Young Adults and Faith After High School

I — or rather some former students and friends of mine — are going to offer a series of posts on how they are experiencing their faith life in college after Catholic school — in this case, Jesuit High School in New Orleans.  Since I taught several Senior theology classes, I have been able to keep in touch with many of these excellent men, and I would like you to listen to them as we all reflect on the future Church.  According to recent polls, after the sexual abuse crisis and the shortage of priests, the lack of participation of our youth ranks third on the list of greatest concerns of the lay faithful. So I think we should listen to what they have to say.

I sent out the following list of questions:

1.  Where do you go to college? What year are you?

2.  Please describe your current faith life (regular mass, daily prayer, involvement in clubs, etc. or lack thereof)

3.  Did Jesuit prepare you well for a life of faith in college? 

4.  Since leaving Jesuit High School, have you become more or less committed to your faith? 

5.  Since leaving Jesuit, have you become more or less adult and mature in your faith? 

6.  What could Jesuit High School do better to form you in the Catholic Faith?

So far, well over thirty have responded and the number keeps climbing.  I could have asked better questions; I sent out the survey on a whim.  But be that as it may, they have offered some wonderful answers, so please listen.  You may respond, and if you want to respond to a particular young man, go ahead and post and I will alert him to your post. All posts will be anonymous.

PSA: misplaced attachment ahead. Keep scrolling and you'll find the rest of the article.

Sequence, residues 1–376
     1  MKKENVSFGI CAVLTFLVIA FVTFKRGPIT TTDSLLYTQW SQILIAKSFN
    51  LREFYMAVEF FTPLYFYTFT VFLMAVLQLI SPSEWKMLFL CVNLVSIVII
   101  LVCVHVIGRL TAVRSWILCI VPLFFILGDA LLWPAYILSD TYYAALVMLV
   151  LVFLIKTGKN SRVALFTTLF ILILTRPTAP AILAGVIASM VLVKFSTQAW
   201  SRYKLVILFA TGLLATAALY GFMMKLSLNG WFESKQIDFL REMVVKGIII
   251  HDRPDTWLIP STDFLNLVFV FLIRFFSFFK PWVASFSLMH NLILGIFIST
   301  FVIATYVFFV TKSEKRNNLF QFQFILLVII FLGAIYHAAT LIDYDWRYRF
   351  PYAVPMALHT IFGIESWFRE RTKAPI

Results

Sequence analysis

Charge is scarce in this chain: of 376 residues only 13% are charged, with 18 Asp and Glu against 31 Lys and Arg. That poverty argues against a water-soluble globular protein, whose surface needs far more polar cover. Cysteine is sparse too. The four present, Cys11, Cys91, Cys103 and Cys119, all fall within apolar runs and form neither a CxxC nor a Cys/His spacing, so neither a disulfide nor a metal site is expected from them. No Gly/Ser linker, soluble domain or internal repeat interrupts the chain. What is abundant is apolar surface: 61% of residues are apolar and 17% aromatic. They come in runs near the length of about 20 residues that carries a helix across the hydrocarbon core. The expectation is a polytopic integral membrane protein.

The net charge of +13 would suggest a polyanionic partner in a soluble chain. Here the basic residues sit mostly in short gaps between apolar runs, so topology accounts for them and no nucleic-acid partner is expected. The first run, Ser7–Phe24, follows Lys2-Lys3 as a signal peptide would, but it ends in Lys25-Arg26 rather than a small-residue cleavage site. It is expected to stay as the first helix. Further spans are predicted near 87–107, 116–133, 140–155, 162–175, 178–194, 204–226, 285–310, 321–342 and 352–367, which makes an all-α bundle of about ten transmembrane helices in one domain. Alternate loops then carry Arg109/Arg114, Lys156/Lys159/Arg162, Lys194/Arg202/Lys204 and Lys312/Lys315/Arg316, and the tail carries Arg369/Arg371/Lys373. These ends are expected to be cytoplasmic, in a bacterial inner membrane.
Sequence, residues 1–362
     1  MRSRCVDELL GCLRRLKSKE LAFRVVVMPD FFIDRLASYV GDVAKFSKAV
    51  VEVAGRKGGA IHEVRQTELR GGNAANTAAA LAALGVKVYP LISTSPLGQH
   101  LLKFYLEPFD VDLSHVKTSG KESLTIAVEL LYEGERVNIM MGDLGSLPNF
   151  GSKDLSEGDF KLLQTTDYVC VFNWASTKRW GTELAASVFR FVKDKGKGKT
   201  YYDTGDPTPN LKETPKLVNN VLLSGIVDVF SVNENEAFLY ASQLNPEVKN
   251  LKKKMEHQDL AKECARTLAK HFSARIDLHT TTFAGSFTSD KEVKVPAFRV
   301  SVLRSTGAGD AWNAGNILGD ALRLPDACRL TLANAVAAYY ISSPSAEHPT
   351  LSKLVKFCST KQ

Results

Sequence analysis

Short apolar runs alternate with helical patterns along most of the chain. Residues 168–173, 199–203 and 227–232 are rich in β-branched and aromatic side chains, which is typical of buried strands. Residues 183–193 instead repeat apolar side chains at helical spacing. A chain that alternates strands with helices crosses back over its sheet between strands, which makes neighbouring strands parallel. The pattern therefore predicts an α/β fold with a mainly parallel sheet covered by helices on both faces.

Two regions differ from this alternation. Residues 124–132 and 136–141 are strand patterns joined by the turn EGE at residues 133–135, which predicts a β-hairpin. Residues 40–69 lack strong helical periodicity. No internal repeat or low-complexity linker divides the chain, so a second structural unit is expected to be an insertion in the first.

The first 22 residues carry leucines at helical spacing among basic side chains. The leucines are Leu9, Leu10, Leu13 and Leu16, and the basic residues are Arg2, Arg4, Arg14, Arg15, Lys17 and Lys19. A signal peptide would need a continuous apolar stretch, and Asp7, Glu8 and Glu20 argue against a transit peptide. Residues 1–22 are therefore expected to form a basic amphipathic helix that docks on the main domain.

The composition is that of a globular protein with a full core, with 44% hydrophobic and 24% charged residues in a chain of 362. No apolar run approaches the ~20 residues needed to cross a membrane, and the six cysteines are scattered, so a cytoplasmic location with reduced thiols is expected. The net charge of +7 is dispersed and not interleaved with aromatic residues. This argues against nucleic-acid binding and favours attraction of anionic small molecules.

I will post 4 at a time.  Enjoy as you read, and again, I (and they) very much welcome your comments.


1.  Sophomore at Auburn University

2.  I attend Sunday Mass as often as possible and am a part of the Catholic group on campus, however I do not participate too much in that.  I have been involved in multiple service projects on campus as well.

3.  I believe so.  I feel that someone outside of yourself can only lead you in your faith so far and you have to pick up a large part and do it yourself.  Jesuit supplied me with the tools I needed to be successful in my faith as an individual and I am better from that.

4.  This is a tough question because I think that the next question also ties into it.  Have I committed more time since high school?  Probably no, just because of the busy schedule that I run but I have had to rely on it more.  By this I mean I have been faced with bigger problems and moral decisions than I had to face in high school and my faith has played a big part in my decision making.

5.  I think my answer above covers this question as well.  I would say I have definitely become more mature in my faith due to the harder challenges that face me today.

6.  In order to answer this best, let me tell you what I think Jesuit did best.  I thoroughly enjoy the relationships that I formed with some of the Jesuits on campus as well as the lay theology teachers.  I feel that these bonds help the student see that theology and faith happens outside the classroom and to me, that’s a big step for the student’s faith.


1. I am a Sophomore at Louisiana State University.

2. My current life of faith consists of occasional prayer and mass attendance.